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The Fractal Complexity of Myocardial Trabeculae

Captur, G; (2015) The Fractal Complexity of Myocardial Trabeculae. Doctoral thesis , UCL (University College London).

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Abstract

Objectives: This thesis centres on the development of a technique for quantifying left ventricular (LV) trabeculation using fractal geometry. Fractals are natural phenomena or mathematical sets of infinitely complex patterns that are self-similar across different scales. In humans, my objectives were to use a fractal analysis to i) better diagnose LV noncompaction (LVNC); ii) describe population-based reference ranges; iii) appraise the role of trabeculae as a pre-phenotypic disease marker in hypertrophic cardiomyopathy (HCM). In the mouse, my objectives were to use a fractal analysis to i) track the transformation (“compaction”) in myocardial wall structure during embryogenesis; ii) describe the trabecular profile in LVNC models. Background: Quantification of trabeculation is important for the diagnosis of LVNC. Current criteria have limitations. The complexity of trabeculae led us to hypothesize that a fractal approach applied to imaging datasets of the heart (cardiovascular magnetic resonance [CMR] in humans; high-resolution episcopic microscopy [HREM] in mice) would be of value. Methods: We created a fractal tool for human application in MATLAB® and subsequently OsiriX, and then deployed it within the commercial software platform, cvi42 for distribution (see Chapter 6). Using the former I measured fractal dimensions (FD) in a number of key healthy and diseased cohorts including: 135 LVNC patients/controls, 176 HCM patients/matched controls (including subclinical HCM in a 13- centre study) and 2,547 participants from the Multi-Ethnic Study of Atherosclerosis (MESA). I adapted the methodology to analyse the trabecular development in 123 embryonic mouse hearts at stages, E14.5, E15.5, E16.5, E17.5 and E18.5. Results: Human CMR fractal analysis was reproducible at multicentre scale (Chapters 8 - 11). The FD varied in a characteristic pattern from LV base to apex. The maximal apical FD (FDMaxApical) was increased in LVNC (1.392 ± 0.010) and in overt HCM (1.370 ± 0.08), and in subclinical HCM it was predictive of sarcomere gene mutation carriage (β = 1.6, P < 0.001). In healthy hearts, it was higher in African-Americans, Hispanics, and hypertensives and lower in Chinese-Americans compared to Caucasians. In Chapter 12 I show how the mature embryo heart exhibits a base-to-apex trabecular pattern similar to that observed in humans, and how FD falls (especially basally) with development, but progressed abnormally in LVNC models. Conclusions: Fractal analysis represents a new method for objectively quantifying myocardial trabecular complexity. The tools I have created are simple to use and commercially/freeware available. They can demonstrate the difference between health and overt/preclinical disease, and between different ethnicities. New insights into cardiac development in humans and mouse, particularly in HCM are presented, as are insights into cardiac adaptation in health.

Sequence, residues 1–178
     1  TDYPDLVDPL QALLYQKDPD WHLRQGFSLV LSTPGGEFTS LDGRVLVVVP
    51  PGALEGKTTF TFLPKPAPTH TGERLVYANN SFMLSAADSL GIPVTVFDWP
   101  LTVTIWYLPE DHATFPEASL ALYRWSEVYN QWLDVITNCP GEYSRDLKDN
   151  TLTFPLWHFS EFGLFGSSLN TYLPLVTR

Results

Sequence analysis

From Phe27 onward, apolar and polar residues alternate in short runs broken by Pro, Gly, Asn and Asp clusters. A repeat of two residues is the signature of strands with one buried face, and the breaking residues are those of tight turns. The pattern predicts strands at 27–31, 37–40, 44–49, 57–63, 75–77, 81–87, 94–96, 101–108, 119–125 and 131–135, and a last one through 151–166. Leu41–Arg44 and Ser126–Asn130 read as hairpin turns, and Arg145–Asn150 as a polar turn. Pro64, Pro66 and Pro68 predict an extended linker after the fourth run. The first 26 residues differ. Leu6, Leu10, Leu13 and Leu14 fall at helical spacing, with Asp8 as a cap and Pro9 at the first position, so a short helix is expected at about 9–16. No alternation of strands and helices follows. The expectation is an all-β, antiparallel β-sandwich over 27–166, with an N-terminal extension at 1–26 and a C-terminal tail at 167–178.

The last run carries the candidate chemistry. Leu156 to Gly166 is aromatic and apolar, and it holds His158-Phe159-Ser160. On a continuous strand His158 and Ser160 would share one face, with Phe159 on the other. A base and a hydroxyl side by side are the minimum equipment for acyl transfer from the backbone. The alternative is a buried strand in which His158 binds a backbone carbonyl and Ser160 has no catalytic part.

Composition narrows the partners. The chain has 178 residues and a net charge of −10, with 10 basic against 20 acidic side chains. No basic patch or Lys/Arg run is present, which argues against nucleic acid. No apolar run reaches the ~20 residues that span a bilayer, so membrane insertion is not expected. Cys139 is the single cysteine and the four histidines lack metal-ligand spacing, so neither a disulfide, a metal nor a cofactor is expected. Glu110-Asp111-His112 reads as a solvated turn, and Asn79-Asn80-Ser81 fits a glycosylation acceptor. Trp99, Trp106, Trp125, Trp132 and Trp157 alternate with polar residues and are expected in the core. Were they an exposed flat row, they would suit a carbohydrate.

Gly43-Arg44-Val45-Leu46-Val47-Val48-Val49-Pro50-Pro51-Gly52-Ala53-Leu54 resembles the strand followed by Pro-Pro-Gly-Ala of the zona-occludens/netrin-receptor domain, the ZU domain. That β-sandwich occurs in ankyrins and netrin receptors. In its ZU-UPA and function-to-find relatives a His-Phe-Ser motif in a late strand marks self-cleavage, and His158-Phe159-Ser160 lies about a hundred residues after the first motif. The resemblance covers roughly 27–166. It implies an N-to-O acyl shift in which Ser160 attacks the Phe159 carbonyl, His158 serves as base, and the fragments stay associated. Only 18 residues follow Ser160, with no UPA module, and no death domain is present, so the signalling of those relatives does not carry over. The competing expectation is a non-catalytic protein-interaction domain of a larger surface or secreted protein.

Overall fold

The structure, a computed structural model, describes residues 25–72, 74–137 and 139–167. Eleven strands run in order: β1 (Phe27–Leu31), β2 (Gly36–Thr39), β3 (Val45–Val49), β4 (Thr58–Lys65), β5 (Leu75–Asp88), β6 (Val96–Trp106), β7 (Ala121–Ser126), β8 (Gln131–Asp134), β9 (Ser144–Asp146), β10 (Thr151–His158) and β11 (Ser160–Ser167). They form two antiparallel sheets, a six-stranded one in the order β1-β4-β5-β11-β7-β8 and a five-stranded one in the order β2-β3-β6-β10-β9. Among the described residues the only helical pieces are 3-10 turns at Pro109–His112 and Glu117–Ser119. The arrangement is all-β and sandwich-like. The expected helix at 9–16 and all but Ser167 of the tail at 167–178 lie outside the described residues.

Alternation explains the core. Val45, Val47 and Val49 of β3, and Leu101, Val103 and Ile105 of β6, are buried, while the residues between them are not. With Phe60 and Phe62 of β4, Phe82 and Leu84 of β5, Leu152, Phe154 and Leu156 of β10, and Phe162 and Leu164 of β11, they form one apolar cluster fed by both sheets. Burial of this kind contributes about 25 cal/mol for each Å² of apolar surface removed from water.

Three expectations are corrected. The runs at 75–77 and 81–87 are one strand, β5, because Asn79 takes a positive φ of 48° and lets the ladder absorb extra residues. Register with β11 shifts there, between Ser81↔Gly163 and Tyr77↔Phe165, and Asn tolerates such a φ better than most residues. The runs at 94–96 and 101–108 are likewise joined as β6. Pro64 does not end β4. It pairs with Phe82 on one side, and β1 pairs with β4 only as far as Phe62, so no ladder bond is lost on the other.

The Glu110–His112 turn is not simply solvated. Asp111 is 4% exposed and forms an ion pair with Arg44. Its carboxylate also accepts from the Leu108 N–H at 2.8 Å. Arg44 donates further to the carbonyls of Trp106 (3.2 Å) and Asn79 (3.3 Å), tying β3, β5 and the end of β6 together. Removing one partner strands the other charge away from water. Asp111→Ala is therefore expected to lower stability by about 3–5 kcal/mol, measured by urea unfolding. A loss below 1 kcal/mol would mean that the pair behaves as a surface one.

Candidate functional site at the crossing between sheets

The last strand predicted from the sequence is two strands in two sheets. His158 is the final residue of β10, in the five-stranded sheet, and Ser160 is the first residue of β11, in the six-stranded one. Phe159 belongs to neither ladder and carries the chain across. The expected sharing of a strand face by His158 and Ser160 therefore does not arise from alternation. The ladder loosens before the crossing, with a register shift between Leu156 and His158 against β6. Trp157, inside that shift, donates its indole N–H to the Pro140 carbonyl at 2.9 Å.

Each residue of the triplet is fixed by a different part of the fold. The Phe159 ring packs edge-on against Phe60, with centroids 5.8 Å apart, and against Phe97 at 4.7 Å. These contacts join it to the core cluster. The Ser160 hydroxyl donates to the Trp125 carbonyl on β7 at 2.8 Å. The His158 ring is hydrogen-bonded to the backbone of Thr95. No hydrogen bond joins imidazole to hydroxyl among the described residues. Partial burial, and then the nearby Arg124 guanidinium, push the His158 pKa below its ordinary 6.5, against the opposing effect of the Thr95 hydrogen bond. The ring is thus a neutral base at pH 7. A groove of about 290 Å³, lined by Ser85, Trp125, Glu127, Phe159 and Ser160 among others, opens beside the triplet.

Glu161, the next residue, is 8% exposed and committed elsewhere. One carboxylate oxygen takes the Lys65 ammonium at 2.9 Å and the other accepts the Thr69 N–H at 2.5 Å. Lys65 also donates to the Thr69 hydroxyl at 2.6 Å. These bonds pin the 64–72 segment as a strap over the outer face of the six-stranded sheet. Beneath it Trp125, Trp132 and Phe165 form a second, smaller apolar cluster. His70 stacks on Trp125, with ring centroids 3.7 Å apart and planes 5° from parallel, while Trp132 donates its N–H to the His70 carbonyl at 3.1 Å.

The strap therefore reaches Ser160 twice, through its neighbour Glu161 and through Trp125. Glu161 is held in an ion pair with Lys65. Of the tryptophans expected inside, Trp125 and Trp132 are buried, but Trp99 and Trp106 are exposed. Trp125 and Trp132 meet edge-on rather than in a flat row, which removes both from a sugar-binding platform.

Type: Thesis (Doctoral)
Title: The Fractal Complexity of Myocardial Trabeculae
Language: English
UCL classification: UCL > Provost and Vice Provost Offices
UCL > Provost and Vice Provost Offices > School of Life and Medical Sciences
UCL > Provost and Vice Provost Offices > School of Life and Medical Sciences > Faculty of Pop Health Sciences > Institute of Cardiovascular Science
UCL > Provost and Vice Provost Offices > School of Life and Medical Sciences > Faculty of Pop Health Sciences > Institute of Cardiovascular Science > Clinical Science
URI: https://discovery.ucl.ac.uk/id/eprint/1464287
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